“Child neglect depends on how a child and society perceives the parents’ behavior. It is not how parents believe they are behaving towards their child. Parental failure to provide for a child, when options are available, is different from failure to provide when options are not available. Poverty and lack of resources are often contributing factors and can prevent parents from meeting their children’s needs when they otherwise would. The circumstances and intentionality must be examined before defining behavior as neglectful. Child neglect is the most frequent form of child abuse, with children born to young mothers at substantial risk for neglect. In 2008, the U.S. state and local Child Protective Services (CPS) received 3.3 million reports of children being abused or neglected. Seventy-one percent of the children were classified as victims of child neglect (“Child Abuse & Neglect”). Maltreated children were about five times more likely to have a first emergency department presentation for suicide-related behavior, compared to their peers, in both boys and girls. Children permanently removed from their parental home because of substantiated child abuse, are also at an increased risk of a first presentation to the emergency department for suicide-related behavior. Neglected children are at risk of developing lifelong social, emotional and health problems, particularly if neglected before the age of two years.”[5] [some bolding in the original; other bolding added for emphasis]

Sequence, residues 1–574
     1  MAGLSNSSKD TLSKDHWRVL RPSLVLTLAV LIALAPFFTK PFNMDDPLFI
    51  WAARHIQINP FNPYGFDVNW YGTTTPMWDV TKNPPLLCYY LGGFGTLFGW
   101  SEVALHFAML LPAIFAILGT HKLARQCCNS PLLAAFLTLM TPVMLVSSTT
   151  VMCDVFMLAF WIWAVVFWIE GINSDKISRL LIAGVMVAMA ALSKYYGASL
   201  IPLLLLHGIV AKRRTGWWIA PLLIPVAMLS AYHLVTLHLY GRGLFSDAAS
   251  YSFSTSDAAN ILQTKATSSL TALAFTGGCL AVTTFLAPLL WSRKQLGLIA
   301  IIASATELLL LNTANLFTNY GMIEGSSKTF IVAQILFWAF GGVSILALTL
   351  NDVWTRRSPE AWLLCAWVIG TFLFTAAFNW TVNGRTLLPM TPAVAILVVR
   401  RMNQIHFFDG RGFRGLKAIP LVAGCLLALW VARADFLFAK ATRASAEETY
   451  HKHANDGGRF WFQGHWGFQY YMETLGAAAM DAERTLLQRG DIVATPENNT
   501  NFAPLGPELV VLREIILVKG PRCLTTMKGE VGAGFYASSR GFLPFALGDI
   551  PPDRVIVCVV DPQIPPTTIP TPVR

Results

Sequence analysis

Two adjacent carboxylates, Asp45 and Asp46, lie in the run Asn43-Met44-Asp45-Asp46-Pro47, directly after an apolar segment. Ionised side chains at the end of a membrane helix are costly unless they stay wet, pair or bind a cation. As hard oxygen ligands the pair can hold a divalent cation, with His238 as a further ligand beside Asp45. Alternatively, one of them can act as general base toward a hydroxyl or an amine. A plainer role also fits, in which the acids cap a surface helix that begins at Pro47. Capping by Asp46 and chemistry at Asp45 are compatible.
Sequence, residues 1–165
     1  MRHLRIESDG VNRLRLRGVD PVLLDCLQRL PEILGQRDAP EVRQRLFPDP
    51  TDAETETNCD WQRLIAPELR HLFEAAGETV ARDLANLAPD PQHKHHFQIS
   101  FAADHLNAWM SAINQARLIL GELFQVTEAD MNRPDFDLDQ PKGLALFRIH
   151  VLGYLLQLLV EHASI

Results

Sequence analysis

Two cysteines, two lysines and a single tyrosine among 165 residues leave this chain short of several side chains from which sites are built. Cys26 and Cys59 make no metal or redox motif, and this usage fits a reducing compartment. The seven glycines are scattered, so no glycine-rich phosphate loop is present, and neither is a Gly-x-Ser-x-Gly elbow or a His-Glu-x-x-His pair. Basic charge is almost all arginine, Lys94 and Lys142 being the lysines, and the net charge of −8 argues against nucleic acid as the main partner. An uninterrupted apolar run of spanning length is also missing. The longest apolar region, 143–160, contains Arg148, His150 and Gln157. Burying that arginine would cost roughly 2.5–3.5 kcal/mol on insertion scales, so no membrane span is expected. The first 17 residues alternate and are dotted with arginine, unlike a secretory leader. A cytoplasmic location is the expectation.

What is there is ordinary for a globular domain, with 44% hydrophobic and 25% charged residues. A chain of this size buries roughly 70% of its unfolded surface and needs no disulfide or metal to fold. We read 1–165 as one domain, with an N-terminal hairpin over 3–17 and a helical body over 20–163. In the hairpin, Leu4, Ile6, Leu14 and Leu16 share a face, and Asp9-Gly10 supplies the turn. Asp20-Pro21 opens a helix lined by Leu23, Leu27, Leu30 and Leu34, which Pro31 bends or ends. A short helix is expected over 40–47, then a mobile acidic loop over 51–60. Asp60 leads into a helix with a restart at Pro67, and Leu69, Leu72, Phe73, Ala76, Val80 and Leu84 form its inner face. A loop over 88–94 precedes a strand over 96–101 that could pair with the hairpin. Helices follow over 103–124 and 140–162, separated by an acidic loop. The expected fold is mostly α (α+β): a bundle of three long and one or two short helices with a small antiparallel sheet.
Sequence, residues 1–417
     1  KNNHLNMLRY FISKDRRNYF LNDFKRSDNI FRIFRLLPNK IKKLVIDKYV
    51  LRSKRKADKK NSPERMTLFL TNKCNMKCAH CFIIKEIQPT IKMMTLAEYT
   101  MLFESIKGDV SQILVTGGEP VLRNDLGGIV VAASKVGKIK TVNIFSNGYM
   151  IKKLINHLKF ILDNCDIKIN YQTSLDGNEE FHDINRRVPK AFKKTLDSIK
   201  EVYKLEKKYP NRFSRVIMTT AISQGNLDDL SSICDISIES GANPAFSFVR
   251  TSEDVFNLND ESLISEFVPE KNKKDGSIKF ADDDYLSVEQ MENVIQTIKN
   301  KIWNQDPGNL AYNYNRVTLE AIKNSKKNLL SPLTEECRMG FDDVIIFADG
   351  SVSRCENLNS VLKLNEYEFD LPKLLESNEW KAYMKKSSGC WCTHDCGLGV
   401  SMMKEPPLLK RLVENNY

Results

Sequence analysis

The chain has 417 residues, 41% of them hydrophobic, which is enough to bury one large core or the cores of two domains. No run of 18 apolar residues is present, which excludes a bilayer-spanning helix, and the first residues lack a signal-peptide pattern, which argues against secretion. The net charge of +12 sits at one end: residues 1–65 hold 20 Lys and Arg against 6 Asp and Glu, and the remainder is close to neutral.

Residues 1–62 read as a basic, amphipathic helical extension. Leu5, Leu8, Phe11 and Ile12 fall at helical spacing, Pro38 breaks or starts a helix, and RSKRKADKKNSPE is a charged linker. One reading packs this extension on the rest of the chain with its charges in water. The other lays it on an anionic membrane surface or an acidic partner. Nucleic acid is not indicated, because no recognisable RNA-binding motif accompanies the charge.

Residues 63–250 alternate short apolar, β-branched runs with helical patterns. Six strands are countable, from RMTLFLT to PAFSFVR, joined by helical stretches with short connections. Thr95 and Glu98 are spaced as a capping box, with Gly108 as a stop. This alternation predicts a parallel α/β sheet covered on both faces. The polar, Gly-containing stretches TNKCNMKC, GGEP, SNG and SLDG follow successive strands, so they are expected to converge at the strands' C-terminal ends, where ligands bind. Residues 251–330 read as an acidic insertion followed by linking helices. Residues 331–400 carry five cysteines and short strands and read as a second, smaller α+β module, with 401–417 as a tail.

Sexual Abuse as a Subset of Threat of Harm Incidences

The reddish-brown bar, just above the dark blue bar for each year, represents instances of Sexual Abuse as a type of Threat of Harm to the victim of child abuse or neglect. Sexual Abuse Incidences are clearly distinguishable from Sexual Abuse as a type of Threat of Harm Incidences because, in the case of Sexual Abuse Incidences, the sexual abuse has actually occurred, while in the case of Sexual Abuse as a type of Threat of Harm Incidences, there is a threat that sexual abuse could occur (e.g., a known pedophile is living in the home with the child).

Although Sexual Abuse as a type of Threat of Harm Incidences are not the highest type of child abuse or neglect, there are sufficient numbers of incidences that warrant action to reduce or eliminate the Sexual Abuse as a type of Threat of Harm from occurring in the family. This is particularly important because this type of Threat of Harm can be discovered through a background check of family members, or at least checking if the family’s address is listed on a sexual predator’s list.

 

Physical Abuse as a Subset of Threat of Harm Incidences

The dark gray bar, just above the reddish-brown bar for each year, represents instances of Physical Abuse as a type of Threat of Harm to the victim of child abuse or neglect. Physical Abuse Incidences are clearly distinguishable from Physical Abuse as a type of Threat of Harm Incidences because, in the case of Physical Abuse Incidences, the physical abuse has actually occurred, while in the case of Physical Abuse as a type of Threat of Harm Incidences, there is a threat that physical abuse could occur (e.g., a parent threatens to hit the child).

Although Physical Abuse as a type of Threat of Harm Incidences are not the highest type of child abuse or neglect, there are sufficient numbers of incidences to warrant action to reduce or eliminate the Physical Abuse as a type of Threat of Harm from occurring in the family.

This is particularly important because this type of Threat of Harm can be discovered through checking if the family’s address is linked to another child’s physical abuse.